Merlo Public Library
The John M. Merlo Branch Library was constructed in 1942 and designed by City Architect Paul Gerhardt. As a minimalist neighborhood building, the library is distinguished by its ribbon windows, beige brick, and a limestone sculptural frieze by Abbot Pattison. In 1988 a renovation by Gertrude Lempp Kerbis enhanced the street presence and added a solarium to the façade.
By 2019, the Chicago Public Library was looking to renovate the building while paying homage to the original design. This work included exterior improvements to enhance equitable access and energy efficiency. Interior work focused on creating a conducive space to house the library’s 21st century program; a partnership between traditional curated collections of literature and digital resources.
The result is an acupunctural edit that restores the original art deco detailing. Interior modifications prioritized daylight and streamlined circulation within the small building footprint while maximizing flexibility and adaptability into the future.
Client: Public Building Commission of Chicago/Chicago Public Library
Program: Modernization of existing library building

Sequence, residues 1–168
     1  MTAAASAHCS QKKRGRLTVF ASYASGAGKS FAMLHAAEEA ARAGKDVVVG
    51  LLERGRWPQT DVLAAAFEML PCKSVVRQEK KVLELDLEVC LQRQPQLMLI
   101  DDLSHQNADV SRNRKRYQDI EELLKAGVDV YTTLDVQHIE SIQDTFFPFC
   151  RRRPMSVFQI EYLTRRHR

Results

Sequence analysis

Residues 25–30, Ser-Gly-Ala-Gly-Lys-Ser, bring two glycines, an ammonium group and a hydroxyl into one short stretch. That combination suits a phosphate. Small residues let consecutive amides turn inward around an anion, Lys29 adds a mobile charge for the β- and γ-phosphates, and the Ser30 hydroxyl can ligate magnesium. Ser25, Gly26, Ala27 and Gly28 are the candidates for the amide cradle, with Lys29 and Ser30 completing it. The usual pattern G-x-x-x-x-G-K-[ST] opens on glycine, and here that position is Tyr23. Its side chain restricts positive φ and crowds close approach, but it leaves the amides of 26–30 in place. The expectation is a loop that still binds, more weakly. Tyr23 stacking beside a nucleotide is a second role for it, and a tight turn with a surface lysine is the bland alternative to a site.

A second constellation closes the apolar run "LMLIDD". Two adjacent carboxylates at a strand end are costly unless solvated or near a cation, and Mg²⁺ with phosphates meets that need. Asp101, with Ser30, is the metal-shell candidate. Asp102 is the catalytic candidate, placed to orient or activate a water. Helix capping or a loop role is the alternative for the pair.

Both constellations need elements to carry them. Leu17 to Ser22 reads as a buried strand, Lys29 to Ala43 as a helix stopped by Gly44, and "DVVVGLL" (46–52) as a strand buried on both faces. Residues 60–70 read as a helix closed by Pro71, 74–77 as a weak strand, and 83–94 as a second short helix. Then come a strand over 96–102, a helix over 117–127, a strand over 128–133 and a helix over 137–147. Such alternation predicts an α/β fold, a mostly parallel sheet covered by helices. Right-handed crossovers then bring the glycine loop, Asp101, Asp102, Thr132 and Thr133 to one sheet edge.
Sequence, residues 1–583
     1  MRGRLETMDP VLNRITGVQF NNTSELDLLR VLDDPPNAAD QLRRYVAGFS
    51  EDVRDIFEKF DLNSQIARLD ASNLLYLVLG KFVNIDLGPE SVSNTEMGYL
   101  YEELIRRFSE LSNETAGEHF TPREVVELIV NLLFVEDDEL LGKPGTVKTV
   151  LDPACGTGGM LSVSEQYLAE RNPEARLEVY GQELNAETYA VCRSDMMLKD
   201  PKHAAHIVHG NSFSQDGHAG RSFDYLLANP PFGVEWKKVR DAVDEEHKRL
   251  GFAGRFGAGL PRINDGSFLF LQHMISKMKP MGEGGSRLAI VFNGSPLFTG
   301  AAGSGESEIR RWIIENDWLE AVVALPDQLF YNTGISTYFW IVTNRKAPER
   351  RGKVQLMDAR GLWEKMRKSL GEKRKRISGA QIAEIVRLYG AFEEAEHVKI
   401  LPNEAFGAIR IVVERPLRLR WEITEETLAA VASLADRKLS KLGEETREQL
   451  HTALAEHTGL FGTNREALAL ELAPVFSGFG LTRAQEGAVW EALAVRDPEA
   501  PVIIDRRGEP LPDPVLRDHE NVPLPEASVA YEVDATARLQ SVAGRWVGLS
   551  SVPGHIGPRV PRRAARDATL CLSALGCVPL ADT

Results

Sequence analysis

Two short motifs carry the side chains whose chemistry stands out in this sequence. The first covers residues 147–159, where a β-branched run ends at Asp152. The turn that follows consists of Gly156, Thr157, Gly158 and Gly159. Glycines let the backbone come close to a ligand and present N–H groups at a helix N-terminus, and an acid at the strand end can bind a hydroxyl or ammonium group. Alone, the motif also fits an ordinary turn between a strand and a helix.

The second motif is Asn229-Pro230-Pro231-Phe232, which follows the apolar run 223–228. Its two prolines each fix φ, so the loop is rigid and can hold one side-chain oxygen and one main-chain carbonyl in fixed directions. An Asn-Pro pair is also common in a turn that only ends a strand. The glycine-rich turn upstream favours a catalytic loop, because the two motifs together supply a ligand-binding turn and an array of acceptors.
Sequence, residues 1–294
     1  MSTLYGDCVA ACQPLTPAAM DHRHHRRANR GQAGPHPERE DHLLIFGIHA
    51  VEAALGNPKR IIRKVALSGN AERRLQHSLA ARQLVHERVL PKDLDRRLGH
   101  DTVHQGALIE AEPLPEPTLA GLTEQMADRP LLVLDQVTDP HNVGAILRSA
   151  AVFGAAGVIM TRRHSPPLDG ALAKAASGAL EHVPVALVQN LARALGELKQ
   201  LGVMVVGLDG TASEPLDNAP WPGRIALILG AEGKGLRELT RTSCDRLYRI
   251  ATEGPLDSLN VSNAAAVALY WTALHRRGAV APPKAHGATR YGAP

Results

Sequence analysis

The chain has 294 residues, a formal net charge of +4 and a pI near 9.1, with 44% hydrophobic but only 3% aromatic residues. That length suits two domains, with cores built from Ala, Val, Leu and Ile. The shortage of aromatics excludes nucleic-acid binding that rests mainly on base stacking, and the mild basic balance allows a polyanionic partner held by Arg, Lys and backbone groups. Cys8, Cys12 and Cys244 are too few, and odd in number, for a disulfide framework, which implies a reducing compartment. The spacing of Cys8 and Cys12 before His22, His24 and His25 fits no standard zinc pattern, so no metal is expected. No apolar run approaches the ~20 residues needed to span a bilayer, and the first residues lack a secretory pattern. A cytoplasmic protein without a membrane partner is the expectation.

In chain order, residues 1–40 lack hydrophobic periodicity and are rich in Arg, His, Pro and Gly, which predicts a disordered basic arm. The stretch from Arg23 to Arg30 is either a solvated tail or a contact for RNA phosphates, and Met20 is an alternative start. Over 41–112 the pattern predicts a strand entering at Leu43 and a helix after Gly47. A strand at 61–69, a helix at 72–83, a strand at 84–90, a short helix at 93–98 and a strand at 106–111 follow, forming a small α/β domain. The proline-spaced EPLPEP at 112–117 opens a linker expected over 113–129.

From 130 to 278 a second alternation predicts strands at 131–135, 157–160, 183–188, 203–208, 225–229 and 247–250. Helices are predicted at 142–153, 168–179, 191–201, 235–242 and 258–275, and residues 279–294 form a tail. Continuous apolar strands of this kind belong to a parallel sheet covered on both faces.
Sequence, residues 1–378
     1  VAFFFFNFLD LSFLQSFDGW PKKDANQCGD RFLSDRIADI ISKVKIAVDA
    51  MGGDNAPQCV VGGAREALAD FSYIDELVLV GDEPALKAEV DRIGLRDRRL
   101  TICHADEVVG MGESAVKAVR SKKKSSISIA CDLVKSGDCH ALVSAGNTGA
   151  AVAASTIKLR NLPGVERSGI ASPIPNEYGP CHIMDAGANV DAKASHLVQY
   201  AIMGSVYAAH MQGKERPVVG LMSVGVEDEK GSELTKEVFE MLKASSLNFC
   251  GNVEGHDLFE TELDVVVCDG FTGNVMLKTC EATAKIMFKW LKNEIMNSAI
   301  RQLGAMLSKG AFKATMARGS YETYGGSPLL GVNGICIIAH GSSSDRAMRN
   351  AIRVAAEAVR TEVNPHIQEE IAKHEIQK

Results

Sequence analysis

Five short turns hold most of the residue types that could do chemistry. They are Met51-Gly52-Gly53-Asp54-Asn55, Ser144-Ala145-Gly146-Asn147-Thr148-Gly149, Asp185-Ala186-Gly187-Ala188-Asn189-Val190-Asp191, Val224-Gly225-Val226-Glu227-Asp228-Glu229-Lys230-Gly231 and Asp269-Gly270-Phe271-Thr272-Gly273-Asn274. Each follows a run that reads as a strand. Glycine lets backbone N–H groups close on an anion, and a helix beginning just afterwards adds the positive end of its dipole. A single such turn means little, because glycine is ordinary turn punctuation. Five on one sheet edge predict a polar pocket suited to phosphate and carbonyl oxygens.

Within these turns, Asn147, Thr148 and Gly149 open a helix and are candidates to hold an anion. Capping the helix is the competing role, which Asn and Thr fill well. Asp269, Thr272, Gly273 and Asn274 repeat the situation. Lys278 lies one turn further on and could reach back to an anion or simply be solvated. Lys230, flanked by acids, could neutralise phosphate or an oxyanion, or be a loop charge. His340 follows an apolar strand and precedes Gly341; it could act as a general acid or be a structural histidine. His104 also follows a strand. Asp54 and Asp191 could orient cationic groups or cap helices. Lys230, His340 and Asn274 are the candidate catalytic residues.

Size: 15,000 sqft renovation
dbHMS (Mechanical, Electrical, Plumbing, and Fire Protection Engineer)
Goodfriend Magruder (Structural Engineer)
Infrastructure Engineering Incorporated (Civil Engineer)
The George Sollitt Construction Company (General Contractor)
Photography Credit: © Kendall McCaugherty, Hall+Merrick
Are libraries really relevant in the digital age? Now more than ever… because of the central trusted role they play.Chicago Mayor Lori Lightfoot at rededication ceremony
The renovation and modernization of Merlo Branch will help children, families, and seniors grow… I look forward to seeing the library bustle with residents from Lake View and across the city for years to come.Alderperson Tom Tunney, 44th Ward at rededication ceremony